If these brachycephalic forager "savages" you described contributed to BB, it must have been through females, because there is no sign of y-dna R1b-M269 or its scion, R1b-L23, in Neolithic central or western Europe thus far.

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    1. My point is that presuming Iberian Bell Beaker is a purely native Iberian is wrong when it is clear in the Meseta that they are genetically not native (Roth, 2016)
      M269 is clearly intrusive to Western Europe, but how it expanded and with whom it was first associated may be much different than the current narrative.

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    2. The predominant M269 in BB is R1b-L23>L51>L151>P312. It certainly looks like R1b-L23 came from the steppe, since the other culture where R1b-L23 is found in plenty is Yamnaya, and its father M269 probably did, too. So, a steppe y-dna clade predominates in BB and BB carries significant steppe dna.

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    3. "So, a steppe y-dna clade predominates in BB and BB carries significant steppe dna."

      Significant steppe DNA yes, just a lot less than the Corded Ware from whom they partly descend. Why are Bell Beakers at most 50% Steppic and not 75% Steppic?

      I'm not saying M269 is from Western Europe, I'm saying the math doesn't work,

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  3. In light of this (migration from Eastern Europe to the west), what do you think of the connection of the Middle Neolithic to the Eastern European Mesolithic centered around the Danubian gorge? IIRC, one of the foremosts expert on European rock art, Emmanuel Anati, called the distinctive idols of Lepenski Vir 'proto-statue-menhirs' and alluded to the possibility that these could be the source of the stelae that seem to appear out of nowhere in both the steppe and Western Europe (esp. France & Switzerland).

    Quite an unlikely scenario perhaps since the archaeological record is so sketchy, but the distinctive developments of the West European Middle Neolithic do seem to precede the intrusion of proper steppe-like (i.e. CHG-rich) aDNA.

    The morphological differences you described are interesting. I dimly remember that Coon described the CW immigrants as extremely long-faced and dolichocephalic, no? So quite dissimilar to those Beakers.

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    1. I'm not familiar with Anati, I'll have to check that out.
      I think that the mystery of the profound rise in CHG in the steppe could be related to the questions of the Western Europe MN. The rise CHG wasn't insignificant, accidental or the result of conquest by CHG men.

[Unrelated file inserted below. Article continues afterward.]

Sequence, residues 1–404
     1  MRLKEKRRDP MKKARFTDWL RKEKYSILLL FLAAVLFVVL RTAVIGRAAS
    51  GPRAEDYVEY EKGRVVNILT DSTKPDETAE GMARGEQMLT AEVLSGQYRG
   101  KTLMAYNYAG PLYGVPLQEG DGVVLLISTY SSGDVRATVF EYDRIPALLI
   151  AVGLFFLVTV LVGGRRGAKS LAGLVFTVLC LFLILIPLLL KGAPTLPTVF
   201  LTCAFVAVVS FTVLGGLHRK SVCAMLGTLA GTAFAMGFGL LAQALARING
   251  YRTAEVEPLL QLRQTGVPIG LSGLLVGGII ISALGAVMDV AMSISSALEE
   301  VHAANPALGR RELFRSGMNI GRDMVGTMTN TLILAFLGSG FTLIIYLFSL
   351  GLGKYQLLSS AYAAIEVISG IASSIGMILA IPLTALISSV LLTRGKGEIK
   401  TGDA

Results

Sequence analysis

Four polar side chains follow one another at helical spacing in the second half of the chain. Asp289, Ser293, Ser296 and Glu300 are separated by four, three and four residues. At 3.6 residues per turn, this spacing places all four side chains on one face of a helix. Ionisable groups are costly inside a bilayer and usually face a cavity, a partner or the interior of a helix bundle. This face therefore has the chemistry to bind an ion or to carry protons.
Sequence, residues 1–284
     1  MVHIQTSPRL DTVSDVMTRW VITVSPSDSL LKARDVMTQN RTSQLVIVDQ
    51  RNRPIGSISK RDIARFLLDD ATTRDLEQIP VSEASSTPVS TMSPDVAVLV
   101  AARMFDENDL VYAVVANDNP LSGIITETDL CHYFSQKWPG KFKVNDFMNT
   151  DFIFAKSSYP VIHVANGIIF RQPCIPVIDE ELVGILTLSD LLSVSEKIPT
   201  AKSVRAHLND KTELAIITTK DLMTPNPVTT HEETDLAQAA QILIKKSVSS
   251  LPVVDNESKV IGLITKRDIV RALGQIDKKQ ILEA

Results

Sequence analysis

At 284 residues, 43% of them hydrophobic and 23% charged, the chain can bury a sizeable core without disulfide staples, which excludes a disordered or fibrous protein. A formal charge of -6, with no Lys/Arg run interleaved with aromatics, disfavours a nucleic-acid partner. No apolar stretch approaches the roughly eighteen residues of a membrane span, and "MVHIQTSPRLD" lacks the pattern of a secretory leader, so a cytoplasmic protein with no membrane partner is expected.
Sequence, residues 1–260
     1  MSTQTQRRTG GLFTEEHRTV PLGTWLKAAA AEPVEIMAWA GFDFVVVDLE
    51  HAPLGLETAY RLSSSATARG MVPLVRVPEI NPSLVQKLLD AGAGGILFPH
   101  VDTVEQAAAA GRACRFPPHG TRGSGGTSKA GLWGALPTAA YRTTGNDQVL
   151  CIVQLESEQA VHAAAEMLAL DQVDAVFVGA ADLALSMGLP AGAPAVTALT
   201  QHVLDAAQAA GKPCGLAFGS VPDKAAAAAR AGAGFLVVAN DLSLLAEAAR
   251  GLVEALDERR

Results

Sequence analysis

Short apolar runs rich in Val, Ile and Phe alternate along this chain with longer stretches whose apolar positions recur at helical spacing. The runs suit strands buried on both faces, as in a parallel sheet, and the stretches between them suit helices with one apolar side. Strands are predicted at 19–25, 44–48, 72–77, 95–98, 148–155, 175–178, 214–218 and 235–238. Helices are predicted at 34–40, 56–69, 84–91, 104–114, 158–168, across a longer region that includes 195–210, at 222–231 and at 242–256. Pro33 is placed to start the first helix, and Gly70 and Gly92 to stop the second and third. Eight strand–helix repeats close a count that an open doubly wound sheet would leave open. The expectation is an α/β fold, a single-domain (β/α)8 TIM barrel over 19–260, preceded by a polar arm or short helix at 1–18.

It could be that HG's found a niche that allowed the to overwhelm sedentary peoples. Pastoralism and horses are possible explanation.

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  4. What percentage of CHG ancestry do British Beakers show?

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    1. I'm not quite sure , but it would be equivalent to Dutch and German Beakers most likely.
      An interesting individual to look at would be the Boscombe Beaker, but the genomes are not released yet.

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  5. Super interesting brah. Yeah, we still don't know where North Beaker folk came from. I tend to think, based only on genetics, they were a new population from east of France with no local "Atlantic" admixture.

    And also I think their EEF/WHG and Steppe ancestry came strictly from two groups (a native one and a Steppe one). The EHG/WHG group may have been Funnel Beaker folk and the Steppe group may have been Yamnaya.

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    1. Thanks. I look forward to seeing the Olalde genomes released. That'll keep us busy for a while.

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  6. I keep reading about BBs, and I still don't have a clear picture. In fact, more info just seems to muddy the H2O.

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  8. Did you read this already: http://sci-hub.io/10.1073/pnas.1706355114

    It looks like the Bell Beakers really laid the groundwork for the alpine cultures of the metal ages that would expand in the late bronze age to change the linguistic landscape of Europe. Interestingly, the authors report instances of wealth status being conferred through the maternal line. The transition of BBC -> EBA in Bavaria seems to be marked by the influx of northern women (I presume from Epi-Corded-Ware sites?), specifically from Bohemia and Central Germany.

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  9. Thanks for the heads up. I'll check it out

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  10. I've wondered if people with hunter-gatherer ancestry in Eastern and Central Europe in the late Neolithic and early Bronze Age maintained a sense of having a distinct ethic identity and gravitated to non-agricultural occupations like trading and metal-working. If that's the case, this could have lead to a shift in the genetic make-up of Europe as these professions became more economically important, and more robust long-distance trade networks were established during the Bell Beaker period.

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    1. They seem to have remained separate for a long time based on my understanding of the EN and MN. Not sure how that factors though